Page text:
You might be stuck if you’re under a subscription contract, but if you pick up your paper from the grocery store, news stand or gas station, then this will be an easy cost to cut. Newspaper articles are frequently available online for free, and even if your preferred paper isn’t easily available online, some news certainly is. The same advice applies to magazines and even books (don’t buy books at all, and opt for the library instead).
11. No-Contract Cell Phone Bill
Hopefully you’ve made the move to ditch a traditional cell phone contract and opt for a pay-as-you-go or no-contract provider. If so, cancel your service to save some cash. You can use free services like Google voice to get you through the slump and then restart service later.
12. Dry Cleaning
Dry cleaning expenses add up quickly, and according to Business Insider cost an average of $500 per year (or $42 per month). Avoid it altogether if you can, and try DIY methods (like a handheld steamer or a dry cleaning kit). Also, consider just going less frequently. Wool suits, in particular, can be worn up to six times in between cleanings.
In terms of food budgeting, alcohol is a “want.” Cut it out of the budget to save.
Gift giving is a fundamental part of our consumerist culture, but the spending isn’t necessary when you are trying to save. Whether it’s birthdays, anniversaries or the winter holidays, opt for regifting or homemade gifts when possible. Communicate openly with family and friends about why you aren’t purchasing gifts, so it won’t come as a nasty surprise to anyone.
15. Cleaning Products
Wipes, sprays and powders designed to clean surfaces and fabrics in the home can create clutter in your budget. The good news is that with just a few simple ingredients you can make powerful and versatile cleaners. Here’s a guide to get you started.
16. Routine Car Maintenance
While routine car maintenance is important for the longevity of your vehicle, there are some creative workarounds you could implement. One idea is to go longer in between oil changes. While most car companies recommend getting one every 3,000 miles, experts argue that can be extended to about 5,000 miles, which could save you two or three oil changes per year if you drive 20,000 miles.
If you do need to take your car in, you should check sites like Groupon.com, which may offer discounts from local shops. Just be sure to check out their reputation before you leap and don’t be taken by “upselling” once you get there.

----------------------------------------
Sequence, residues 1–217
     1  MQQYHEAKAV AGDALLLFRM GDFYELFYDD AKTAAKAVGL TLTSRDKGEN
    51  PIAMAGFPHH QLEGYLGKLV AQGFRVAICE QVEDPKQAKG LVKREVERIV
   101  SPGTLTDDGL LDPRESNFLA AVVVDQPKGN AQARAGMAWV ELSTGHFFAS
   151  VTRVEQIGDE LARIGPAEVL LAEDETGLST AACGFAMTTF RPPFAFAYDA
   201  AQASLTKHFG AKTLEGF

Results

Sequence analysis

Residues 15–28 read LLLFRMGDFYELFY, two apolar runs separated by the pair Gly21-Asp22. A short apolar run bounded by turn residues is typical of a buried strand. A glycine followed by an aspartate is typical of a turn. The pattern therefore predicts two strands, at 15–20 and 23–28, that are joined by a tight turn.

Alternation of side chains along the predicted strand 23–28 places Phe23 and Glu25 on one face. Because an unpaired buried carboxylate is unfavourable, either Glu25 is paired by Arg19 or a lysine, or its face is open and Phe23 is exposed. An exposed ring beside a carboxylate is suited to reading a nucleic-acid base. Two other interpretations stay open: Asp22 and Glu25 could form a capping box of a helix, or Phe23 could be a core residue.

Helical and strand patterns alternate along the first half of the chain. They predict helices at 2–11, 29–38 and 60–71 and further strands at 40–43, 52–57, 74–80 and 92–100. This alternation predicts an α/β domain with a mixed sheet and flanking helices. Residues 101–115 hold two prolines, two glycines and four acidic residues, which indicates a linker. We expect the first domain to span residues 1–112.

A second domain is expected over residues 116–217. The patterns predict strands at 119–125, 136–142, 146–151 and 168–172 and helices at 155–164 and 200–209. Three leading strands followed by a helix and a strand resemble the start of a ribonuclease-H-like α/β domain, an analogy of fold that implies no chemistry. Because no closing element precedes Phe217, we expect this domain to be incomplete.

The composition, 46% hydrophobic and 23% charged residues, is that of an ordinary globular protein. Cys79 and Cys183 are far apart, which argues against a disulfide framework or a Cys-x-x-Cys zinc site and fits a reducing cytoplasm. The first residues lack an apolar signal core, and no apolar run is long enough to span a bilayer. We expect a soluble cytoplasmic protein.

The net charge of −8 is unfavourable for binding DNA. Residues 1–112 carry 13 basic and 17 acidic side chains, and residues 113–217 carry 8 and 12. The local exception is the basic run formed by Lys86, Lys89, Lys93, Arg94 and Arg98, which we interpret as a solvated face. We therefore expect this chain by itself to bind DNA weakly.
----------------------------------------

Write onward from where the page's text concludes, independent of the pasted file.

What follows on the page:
The average family spends about $2,000 per year on clothing ($167 per month), but you don’t need new clothes when you are trying to make ends meet. If you have to purchase an outfit for a special occasion or need something like a winter coat, check thrift stores first. If that doesn’t work out, consider Craigslist and ebay, but new clothing should be a last resort.
18. Entertainment (movies, bowling, golf, you get the idea)
When the average cost of a movie ticket is about $8, and bowling, skating, sporting events and other common forms of entertainment can easily cost more than $20 in a matter of hours, it’s no wonder that this should be one of the first expenses to cut. These are “wants” and don’t have any place in an emergency budget.
19. Organic Groceries and Brand Names
Of course we want to put high-quality food products into our systems, but if you usually purchase organic produce and meats, you might need to reconsider in times when money is tight. Opt for cheaper produce that isn’t certified organic. Avoid pre-cut options, which are more expensive, and stay away from brand name products, which will add costs to your monthly grocery bill.
20. Charitable Donations
Charity is important and a healthy budget includes giving to causes you care about. But when your back is up against the wall, you need to postpone the giving. Think of it this way: you’ll be in a better position to help others once you get back on solid financial ground.
There might some ways to work charity into your spending, though. For instance if you use Amazon for regular purchases (in order to save on gas and trips to the store) or other “needs,” you could try smile.amazon.com, which donates a small percentage of your purchase to the charity of your choice.